Today, the Academy serves as a resource to governmental agencies, industry, ASM and the larger scientific and lay communities by convening colloquia to address critical issues in microbiology. The Academy convenes four to five colloquia a year for in-depth analysis of critical issues in microbiology. The Academy manages ASM's scientific achievement awards program, recognizing outstanding achievement and potential in all areas of microbiology.

 

How to Apply


Qualifications

Prospective fellows must be citizens of the United States and are expected to have completed their Ph.D. by the time the fellowship begins. Candidates are expected to show competence in some aspect of microbiology, have a broad background in science and technology, and have interest and some experience in applying scientific knowledge toward the solution of social problems. Candidates are expected to be excellent writers, articulate, literate, adaptable, interested in work on a range of microbiology issues, and able to work with a variety of people from diverse professional backgrounds.

Application

A complete application for the fellowship must include:

  1. A letter from the candidate indicating a desire to apply and listing three references.

  2. Three letters of references.

    Reference letters should address: The reference's relationship to candidate; An evaluation of the technical accomplishments and relative standing of the candidate among his or her peers; The candidate's known interest and experience in applying his or her expertise to the solution of societal problems; The candidates ability to communicate and to interact productively with individuals and groups; An assessment of the candidate's maturity and judgmental ability; and An opinion about the candidate's professional future.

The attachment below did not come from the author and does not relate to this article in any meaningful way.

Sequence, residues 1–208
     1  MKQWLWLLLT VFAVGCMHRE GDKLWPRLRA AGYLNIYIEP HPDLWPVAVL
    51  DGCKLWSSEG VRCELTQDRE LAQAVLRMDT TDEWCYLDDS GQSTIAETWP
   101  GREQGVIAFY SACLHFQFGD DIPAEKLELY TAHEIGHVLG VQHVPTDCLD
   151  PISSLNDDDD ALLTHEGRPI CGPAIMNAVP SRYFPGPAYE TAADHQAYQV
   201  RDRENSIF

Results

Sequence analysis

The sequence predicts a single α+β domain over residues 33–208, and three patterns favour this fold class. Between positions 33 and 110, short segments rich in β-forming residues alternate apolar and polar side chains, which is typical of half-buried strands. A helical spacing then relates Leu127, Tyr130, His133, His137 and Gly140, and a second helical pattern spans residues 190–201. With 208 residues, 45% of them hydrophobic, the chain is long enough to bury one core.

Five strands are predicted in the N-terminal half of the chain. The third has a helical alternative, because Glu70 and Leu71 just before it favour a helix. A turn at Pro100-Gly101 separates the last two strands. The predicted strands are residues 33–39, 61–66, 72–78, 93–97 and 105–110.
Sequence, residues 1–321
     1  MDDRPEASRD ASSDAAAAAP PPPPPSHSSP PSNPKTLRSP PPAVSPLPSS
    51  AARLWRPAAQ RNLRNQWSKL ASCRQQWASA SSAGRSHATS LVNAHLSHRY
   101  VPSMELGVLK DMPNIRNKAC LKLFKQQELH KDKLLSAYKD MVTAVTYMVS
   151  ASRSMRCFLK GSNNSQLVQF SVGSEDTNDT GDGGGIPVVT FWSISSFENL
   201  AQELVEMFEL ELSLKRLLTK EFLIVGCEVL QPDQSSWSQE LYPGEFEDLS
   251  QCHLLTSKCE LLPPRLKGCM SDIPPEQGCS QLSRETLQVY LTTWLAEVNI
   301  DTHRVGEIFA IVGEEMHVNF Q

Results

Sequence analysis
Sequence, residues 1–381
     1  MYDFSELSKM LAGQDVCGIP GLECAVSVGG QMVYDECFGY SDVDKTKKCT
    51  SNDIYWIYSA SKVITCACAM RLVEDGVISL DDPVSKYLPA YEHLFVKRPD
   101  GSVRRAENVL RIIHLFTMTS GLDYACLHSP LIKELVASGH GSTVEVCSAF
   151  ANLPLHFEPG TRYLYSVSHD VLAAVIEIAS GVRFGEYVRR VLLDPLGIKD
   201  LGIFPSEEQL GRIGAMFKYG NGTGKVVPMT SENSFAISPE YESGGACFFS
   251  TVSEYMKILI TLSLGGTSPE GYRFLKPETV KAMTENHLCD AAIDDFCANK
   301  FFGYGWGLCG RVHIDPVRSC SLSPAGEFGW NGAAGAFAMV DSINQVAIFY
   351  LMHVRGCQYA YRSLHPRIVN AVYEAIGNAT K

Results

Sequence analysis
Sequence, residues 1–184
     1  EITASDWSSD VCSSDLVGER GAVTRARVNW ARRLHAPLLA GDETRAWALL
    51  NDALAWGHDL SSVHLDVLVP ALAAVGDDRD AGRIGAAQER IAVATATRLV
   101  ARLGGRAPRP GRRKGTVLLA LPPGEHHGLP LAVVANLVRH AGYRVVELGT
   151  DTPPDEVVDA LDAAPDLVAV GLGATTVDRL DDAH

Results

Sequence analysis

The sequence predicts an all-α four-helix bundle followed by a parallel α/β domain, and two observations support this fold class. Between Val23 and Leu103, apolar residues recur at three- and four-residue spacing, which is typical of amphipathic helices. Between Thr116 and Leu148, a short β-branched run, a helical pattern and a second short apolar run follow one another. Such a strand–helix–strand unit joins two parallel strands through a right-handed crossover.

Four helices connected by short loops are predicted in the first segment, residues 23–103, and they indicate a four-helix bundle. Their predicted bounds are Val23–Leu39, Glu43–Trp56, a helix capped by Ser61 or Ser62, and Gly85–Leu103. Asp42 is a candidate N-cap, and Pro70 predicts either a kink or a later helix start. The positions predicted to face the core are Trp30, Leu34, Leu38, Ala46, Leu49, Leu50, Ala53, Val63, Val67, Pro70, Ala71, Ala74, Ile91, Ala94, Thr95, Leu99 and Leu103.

References should include individuals who can discuss not only the candidate's professional competence but also other aspects of his or her background interests which would make the applicant particularly qualified to serve as a Colloquium Fellow.

  3. A statement from the candidate about his or her qualifications and career goals. The candidate's statement should not exceed 1,000 words. The statement should cover the following areas: Why the fellowship is desired; How the candidate is qualified for the Fellowship; and What outcome is hoped for relative to the candidate's career goals.

  4. An updated C.V.

Applications, reference letters, and questions should be addressed to:

Colloquium Program Fellowship
American Academy of Microbiology
American Society for Microbiology
1752 N Street, NW
Washington, DC 20036
Phone: (202) 942-9227
Fax: (202) 942-9353
Email: colloquia@asmusa.org

Applications due May 15, 2012.

Candidates selected for interviews must provide travel to and from Washington at their own expense. The candidate is responsible for soliciting the required references, providing the six guidelines for the reference response and seeing that the references are forwarded before the deadline.

 

Academy

Welcome to the American Academy of Microbiology!

The American Academy of Microbiology (Academy) is the honorific leadership group within the American Society for Microbiology (ASM), the world's oldest and largest life science organization. The mission of the Academy is to recognize scientists for outstanding contributions to microbiology and provide microbiological expertise in the service of science and the public. 

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Subcategories

  • Annual AAM Election
  • Colloquia Materials
  • COLLOQUIA REPORTS
  • Fellows Elected in 2010
    Seventy-eight microbiologists were elected to Fellowship in the American Academy of Microbiology in January, 2010.  Fellows of the Academy are elected annually through a highly selective, peer-review process, based on their records of scientific achievement and original contributions that have advanced microbiology. There are now over 2,000 Fellows representing all subspecialties of microbiology, including basic and applied research, teaching, public health, industry, and government service. The new Fellows are as follows:
  • Interviews with Fellows

    The following interviews were published in previous issues of News and Views and were conducted by Merry Buckley, a freelance science writer.

  • Navigation
  • Fellows Elected in 2012
  • Virtual Speaker Program